There are several tools that help with this, such as online Return on Investment calculators and case studies from similar sized organisations that have invested in the solutions you are looking to procure.
Be realistic, the cheapest system does not always represent best value for money!
You need to balance this with the supplier's track record of delivering a high quality service, where the supplier will host your data and the ability to scale the solution to meet your future organisational needs.
8. Set your timescales and procurement process
It is important to be sensible with your timescales for both procuring and implementing a new solution. If you do not allow enough time to sufficiently manage the entire process, you will not deliver the benefits across the organisation that you set out to achieve. You will also need to be mindful of any notice periods you may have with existing providers.
By this point, you should be able to create a clear and concise request for proposal (RFP), documenting information about your organisation, an overview of your project objectives, associated timelines, RFP rules, and a supplier questionnaire.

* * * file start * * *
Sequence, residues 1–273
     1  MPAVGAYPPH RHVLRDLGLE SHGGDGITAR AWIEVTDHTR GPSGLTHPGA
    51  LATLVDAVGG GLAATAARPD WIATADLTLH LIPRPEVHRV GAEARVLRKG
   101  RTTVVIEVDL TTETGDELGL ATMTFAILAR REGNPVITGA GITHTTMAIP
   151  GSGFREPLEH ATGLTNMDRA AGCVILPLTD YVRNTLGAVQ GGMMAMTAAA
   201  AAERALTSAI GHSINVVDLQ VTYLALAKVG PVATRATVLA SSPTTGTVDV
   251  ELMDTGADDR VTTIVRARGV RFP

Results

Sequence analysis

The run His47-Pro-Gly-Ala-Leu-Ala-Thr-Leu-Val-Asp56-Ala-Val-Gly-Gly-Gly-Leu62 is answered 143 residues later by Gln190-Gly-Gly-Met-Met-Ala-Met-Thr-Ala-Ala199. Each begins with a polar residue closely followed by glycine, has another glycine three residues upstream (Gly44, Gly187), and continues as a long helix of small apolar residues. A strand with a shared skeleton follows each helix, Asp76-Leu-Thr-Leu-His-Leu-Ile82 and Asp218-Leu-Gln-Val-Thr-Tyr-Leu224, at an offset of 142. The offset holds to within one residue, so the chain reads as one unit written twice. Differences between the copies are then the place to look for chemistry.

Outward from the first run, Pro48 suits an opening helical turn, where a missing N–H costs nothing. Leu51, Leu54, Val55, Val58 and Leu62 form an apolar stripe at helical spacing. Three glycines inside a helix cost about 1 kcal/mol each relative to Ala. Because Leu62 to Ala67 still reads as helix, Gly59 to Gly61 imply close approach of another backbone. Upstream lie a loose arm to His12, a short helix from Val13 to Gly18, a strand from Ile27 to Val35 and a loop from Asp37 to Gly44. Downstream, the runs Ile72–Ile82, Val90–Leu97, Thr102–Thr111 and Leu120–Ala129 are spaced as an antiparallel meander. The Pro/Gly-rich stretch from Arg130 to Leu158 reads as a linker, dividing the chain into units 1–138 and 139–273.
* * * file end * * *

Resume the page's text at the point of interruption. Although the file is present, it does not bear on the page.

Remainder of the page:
There are some sector-specific frameworks available that you could utilise. However, to provide better control and governance over the procurement process, you may wish to manage this in-house.
Scoring methods should be based around 25% on price, with the remainder split across functionality, ability to meet project objectives, reputation and corporate stability.
9. Awarding your contract
Once you have a preferred supplier, you must ensure that the contract is formally approved by your internal stakeholders. This may include presenting your recommendation to governors and trustees.
A good organisation will work in partnership with you to get the contract signed in line with the timescales that you have set out in your RFP.
Once a contract is signed, this must be communicated at the earliest opportunity to your workforce to inform them of the impending changes to internal systems and processes, and the benefits this will bring them.
This will help you to get buy-in from your colleagues, increasing the likelihood of a successful project go-live and ensuring a high return on investment is achieved.
10. Talk to the experts
If your organisation could benefit from further advice and guidance to support you with your procurement process, our schools and colleges consultants at MHR can help.
If you would like to discuss this in more detail, please contact us today for a no-obligation chat: firstname.lastname@example.org.